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Bedbugs have jumped the shark

Posted: January 4th, 2011 | Author: | | Tags: , | No Comments »

I just received the January-February issue of Money, and I have no business receiving this magazine. What can I say, I like to laugh at the anecdotes about people with inappropriate asset allocations. On page 56, they have an article titled “5 Things You Need to Know About The Price of Bedbugs.”

1. “Smart defense is worth the price.”

Yadda yadda, bedbugs in movie theaters, hotels, gyms. Wait, gyms? Bedbugs in the steam room is a new one on us. With possible sexy results. But anyway, you will get bedbugs; certain doom. They suggest ClimbUp Interceptors and mattress and box spring covers for prevention. Mind you, ClimbUp Interceptors aren’t going to do a world of good if you come home from vacation and plop a bedbug infested suitcase right on your bed. They didn’t mention that bit, but I let you have it for free.

2. “Spotting Bugs Early Can Pay Off.”

They point out that you can save $200-300 on the cost of a trained bedbug sniffer dog inspection by just using your eyes. Imagine that, you can actually see bedbug signs, and you should check around your bed. Considering I spent time under a hotel bed with a flash light last week, this is not news to me, but I suppose it might be to some people. So get with the program: eyes before paranoia. If you can’t see anything, and you’re not being bitten, chances are you don’t need a dog. Put that money you would have spent on an inspection in a high-yield (haha!) savings account instead.

3. “Debugging is no DIY Project.”

Plenty of internet dwellers would beg to differ, but they make the point that if you don’t start off right, you merely prolong your agony and eventually you will need a pro for an even worse infestation. Then they gamely offer tips on how not to start off right: “You can try to battle bugs yourself by washing infested items or spot-treating them with a hot blow dryer or steam cleaner.”  Yes, that does sound rather unspecific and incomplete. The spot-treating with a blow dryer is a new one on me. Here, hold still, bedbug, I’m going to murtalize you!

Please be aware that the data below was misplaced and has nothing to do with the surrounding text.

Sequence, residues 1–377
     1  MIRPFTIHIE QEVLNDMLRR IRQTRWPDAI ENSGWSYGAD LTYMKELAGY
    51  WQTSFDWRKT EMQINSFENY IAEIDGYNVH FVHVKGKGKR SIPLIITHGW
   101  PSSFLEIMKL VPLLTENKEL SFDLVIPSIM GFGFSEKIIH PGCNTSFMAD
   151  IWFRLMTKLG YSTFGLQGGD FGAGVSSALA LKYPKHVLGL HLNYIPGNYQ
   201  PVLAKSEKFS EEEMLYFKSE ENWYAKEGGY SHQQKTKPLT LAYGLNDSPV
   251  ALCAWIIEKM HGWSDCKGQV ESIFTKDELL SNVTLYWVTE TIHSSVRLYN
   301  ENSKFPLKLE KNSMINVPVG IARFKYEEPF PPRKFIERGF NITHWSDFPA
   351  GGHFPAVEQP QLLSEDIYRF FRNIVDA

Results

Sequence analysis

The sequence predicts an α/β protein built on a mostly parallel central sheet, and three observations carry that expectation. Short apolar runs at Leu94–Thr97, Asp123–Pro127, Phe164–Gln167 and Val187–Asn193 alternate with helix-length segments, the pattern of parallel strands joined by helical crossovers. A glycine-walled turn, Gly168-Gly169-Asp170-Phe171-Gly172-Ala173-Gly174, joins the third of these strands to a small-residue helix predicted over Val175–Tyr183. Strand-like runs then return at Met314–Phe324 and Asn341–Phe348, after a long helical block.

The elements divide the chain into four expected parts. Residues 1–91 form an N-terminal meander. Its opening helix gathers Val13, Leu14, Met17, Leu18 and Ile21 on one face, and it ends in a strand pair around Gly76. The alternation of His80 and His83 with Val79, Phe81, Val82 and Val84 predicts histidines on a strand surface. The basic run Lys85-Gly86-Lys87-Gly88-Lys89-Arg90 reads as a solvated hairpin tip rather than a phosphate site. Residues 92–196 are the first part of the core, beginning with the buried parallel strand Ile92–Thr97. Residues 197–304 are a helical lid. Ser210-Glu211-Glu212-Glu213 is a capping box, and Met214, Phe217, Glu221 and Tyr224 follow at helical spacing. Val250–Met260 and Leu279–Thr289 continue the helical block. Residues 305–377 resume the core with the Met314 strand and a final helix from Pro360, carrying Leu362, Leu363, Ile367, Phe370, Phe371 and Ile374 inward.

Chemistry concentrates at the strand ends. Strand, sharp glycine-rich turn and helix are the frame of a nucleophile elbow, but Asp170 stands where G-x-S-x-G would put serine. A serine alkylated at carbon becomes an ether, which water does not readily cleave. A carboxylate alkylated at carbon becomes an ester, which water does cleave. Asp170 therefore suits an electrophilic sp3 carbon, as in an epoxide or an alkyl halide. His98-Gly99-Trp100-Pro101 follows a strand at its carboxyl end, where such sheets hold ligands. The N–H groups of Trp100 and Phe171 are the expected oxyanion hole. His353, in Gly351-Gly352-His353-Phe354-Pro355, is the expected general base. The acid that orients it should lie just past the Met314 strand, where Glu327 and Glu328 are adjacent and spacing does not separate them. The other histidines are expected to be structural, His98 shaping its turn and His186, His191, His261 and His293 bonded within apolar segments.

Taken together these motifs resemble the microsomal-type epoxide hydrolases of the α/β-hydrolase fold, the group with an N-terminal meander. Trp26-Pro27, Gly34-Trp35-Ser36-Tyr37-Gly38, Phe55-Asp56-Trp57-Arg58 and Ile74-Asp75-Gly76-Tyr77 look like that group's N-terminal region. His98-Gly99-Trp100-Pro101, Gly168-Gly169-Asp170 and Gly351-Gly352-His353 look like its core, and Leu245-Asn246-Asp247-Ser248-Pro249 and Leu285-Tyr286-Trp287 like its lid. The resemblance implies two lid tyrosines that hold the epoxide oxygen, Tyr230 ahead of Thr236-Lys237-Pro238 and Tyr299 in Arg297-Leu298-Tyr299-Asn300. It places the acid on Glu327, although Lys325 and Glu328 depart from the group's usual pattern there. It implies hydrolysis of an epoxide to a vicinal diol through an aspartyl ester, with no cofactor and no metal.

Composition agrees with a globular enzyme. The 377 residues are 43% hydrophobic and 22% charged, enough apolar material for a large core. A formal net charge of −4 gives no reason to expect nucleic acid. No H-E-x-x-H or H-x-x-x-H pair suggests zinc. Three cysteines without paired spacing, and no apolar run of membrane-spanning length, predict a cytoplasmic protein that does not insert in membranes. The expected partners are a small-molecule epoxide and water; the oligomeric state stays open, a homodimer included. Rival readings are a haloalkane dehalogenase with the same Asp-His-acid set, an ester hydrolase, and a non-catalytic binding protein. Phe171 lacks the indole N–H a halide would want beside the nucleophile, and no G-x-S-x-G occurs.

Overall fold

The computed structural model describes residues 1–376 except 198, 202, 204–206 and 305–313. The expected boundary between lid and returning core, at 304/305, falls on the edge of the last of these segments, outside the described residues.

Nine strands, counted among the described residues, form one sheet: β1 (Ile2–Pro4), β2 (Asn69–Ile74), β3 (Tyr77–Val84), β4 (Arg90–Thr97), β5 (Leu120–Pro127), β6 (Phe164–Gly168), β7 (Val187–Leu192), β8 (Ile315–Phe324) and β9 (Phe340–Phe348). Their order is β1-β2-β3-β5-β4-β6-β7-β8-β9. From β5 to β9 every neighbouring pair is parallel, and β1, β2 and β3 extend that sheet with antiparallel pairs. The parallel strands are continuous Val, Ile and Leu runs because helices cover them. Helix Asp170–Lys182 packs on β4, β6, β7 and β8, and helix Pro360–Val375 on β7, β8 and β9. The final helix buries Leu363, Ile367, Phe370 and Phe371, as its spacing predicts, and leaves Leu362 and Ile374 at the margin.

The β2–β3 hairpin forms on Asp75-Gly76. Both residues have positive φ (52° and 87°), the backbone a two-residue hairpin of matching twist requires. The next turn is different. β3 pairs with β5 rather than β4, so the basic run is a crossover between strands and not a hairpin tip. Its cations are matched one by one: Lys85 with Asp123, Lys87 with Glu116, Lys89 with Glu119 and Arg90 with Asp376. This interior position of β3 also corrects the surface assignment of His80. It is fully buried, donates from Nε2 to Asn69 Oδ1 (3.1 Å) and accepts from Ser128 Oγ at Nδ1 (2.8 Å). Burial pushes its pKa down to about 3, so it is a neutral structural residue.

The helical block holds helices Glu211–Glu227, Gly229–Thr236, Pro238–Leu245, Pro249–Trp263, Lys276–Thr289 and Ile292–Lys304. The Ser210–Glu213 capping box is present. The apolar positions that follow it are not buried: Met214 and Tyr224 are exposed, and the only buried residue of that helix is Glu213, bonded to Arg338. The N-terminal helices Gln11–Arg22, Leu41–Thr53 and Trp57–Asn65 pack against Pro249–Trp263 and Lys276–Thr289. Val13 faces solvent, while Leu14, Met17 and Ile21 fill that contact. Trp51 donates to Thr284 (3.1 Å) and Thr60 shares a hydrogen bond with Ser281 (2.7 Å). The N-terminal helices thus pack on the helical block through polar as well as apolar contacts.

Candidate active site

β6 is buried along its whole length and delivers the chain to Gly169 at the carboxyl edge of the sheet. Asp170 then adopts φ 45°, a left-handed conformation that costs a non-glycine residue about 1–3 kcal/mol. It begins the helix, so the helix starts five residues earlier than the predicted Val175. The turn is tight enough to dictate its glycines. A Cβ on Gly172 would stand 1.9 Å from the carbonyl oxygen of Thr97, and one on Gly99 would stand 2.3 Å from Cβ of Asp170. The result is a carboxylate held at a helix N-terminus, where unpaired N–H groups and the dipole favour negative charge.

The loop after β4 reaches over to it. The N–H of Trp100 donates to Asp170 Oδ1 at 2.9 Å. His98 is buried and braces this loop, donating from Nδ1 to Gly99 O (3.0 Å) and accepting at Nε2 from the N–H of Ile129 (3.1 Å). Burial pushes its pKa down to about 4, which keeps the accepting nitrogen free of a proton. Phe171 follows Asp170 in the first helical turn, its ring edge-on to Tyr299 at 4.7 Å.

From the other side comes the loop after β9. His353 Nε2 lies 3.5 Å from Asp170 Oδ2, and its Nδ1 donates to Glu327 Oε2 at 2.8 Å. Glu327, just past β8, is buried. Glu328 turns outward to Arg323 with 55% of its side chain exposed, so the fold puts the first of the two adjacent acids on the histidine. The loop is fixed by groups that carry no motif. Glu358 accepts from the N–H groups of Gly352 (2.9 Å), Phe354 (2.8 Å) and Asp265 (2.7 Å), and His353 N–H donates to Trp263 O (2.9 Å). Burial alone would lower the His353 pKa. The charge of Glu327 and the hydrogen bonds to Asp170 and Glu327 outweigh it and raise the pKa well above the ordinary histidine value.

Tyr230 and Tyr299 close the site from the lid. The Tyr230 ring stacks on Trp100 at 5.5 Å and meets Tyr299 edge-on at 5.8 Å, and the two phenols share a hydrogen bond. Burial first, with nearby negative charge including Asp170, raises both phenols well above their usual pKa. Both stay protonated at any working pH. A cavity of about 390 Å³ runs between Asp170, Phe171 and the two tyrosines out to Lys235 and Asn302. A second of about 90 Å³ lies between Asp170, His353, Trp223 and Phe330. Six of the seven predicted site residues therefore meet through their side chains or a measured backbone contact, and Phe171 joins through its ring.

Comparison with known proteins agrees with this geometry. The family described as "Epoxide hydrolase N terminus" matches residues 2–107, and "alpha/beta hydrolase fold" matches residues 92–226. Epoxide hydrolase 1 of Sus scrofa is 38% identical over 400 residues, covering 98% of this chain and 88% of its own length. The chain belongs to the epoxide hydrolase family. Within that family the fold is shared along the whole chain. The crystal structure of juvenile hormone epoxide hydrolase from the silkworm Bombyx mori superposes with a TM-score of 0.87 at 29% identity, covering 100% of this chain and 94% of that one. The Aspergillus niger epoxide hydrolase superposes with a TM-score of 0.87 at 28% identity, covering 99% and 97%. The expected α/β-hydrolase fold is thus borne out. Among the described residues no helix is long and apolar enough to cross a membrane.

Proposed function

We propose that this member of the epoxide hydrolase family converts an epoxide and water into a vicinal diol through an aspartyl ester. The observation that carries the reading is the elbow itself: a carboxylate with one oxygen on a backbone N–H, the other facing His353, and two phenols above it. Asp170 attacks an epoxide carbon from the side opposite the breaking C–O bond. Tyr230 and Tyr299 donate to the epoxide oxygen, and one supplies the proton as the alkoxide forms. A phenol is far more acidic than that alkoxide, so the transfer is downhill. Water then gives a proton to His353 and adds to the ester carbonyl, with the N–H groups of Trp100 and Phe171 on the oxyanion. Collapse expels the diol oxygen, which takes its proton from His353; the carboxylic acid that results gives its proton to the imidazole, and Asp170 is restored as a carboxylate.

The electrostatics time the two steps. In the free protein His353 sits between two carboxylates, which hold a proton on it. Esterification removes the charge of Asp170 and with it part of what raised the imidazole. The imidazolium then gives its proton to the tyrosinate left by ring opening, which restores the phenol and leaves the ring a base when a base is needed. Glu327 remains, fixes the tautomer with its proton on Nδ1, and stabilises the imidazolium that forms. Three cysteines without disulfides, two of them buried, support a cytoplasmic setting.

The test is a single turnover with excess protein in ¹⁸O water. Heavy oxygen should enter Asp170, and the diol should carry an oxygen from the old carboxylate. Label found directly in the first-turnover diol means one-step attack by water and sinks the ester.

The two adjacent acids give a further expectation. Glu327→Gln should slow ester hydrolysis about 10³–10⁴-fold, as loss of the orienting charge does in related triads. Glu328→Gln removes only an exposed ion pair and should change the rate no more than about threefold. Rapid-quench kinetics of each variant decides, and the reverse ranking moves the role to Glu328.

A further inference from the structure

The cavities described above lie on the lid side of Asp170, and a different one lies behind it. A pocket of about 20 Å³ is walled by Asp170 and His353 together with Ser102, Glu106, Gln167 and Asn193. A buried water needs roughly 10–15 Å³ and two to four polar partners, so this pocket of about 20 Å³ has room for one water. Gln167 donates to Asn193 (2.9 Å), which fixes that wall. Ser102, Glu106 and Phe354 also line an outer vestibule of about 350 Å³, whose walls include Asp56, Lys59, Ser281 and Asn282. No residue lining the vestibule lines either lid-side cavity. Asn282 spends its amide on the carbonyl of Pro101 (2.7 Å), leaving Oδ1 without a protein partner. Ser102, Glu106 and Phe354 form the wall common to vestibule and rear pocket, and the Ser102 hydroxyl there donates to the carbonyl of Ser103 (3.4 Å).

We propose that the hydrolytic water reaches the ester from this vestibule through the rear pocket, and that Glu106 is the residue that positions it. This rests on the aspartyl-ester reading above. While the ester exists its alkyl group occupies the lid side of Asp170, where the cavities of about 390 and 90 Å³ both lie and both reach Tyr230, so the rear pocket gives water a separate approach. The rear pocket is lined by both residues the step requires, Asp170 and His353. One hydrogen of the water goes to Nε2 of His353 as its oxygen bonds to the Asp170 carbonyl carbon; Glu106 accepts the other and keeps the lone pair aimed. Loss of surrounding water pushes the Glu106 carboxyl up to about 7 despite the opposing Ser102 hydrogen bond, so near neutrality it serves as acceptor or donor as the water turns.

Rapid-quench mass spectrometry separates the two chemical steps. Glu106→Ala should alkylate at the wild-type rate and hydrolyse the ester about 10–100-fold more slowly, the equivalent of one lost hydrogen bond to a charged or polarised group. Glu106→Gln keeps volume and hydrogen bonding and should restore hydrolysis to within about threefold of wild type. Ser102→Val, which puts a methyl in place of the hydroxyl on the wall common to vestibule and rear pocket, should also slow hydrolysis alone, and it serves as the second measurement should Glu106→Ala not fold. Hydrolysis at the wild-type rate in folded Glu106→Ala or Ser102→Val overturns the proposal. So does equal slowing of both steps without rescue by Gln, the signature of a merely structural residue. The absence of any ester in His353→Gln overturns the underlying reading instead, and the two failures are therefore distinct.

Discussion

4. “Some Pros Like it Hot. Others Go Cold.”

More possible sexy results! We’re not the only ones who can pun around here, I see. They suggest that a professional fix can range in cost from $400 to up to $2,000 for a 2,000-square-foot home. This is the only real info on the actual price of battling bedbugs, as alluded to by the article title. They mention that standard treatments may include heating or freezing or pesticide application. Apparently heat treatment is 20-30% more expensive due to the equipment involved. Clearly they have never heard of the bedbug Christmas Lights Killer.

5. “You’ll Get Little Help With the Cleanup Bill.”

This bit is sadly true. Most homeowners insurance policies will give you nada, as things like pests and mold remediation are considered to fall under maintenance. Some cities, including Boston, New York, and San Francisco, require landlords to pay for extermination, but we’ve all heard stories where this just hasn’t happened.

Then, possibly the most hilarious sentence in the entire article: “If you bring bedbugs home from the office, your boss should let you take time off to remedy the situation; some may pick up the tab.” A real example, please? Is this the kind of thing that goes on a Goldman Sachs?



I’d Like to Thank the Bedbug Academy

Posted: November 16th, 2010 | Author: | | Tags: , , , , | No Comments »

There’s a cottage industry in the laborious and often tedious tasks of preparing an apartment or home for extermination, and like many temporary jobs, actors are swelling the ranks, according to this WSJ.com article.

Bed Bug Busters NY offers extermination prep services, and the owner, Janet Friedman, is a former Broadway stage manager who favors hiring actors for their personalities and quick thinking abilities, as well as ability to perform under pressure.

The actors performing the work don’t mind it, as it gives them a chance to see many different home interiors and observe human behavior first hand. “Everybody has some really cool tics—voices, things that they have, things that they do,” says a 25-year-old actress from Chicago. She also points out that it is sometimes necessary to fake it for a role: pretend even the direst contaminated hoarding situation is normal, for the benefit of the homeowner.

The work may include anything from de-cluttering, vacuuming, cleaning, washing, sealing, and moving furniture. It’s also flexible work that pays about $30 per hour, which beats filing with a bedbug-encrusted stick. Sign us up!

The article gives the impression that bedbugs cannot be easily conquered without professional help, which is not entirely true, but it’s nice to know that services like this exist. If you have $1000 to spare for a day of help attacking your problem, this is a boon.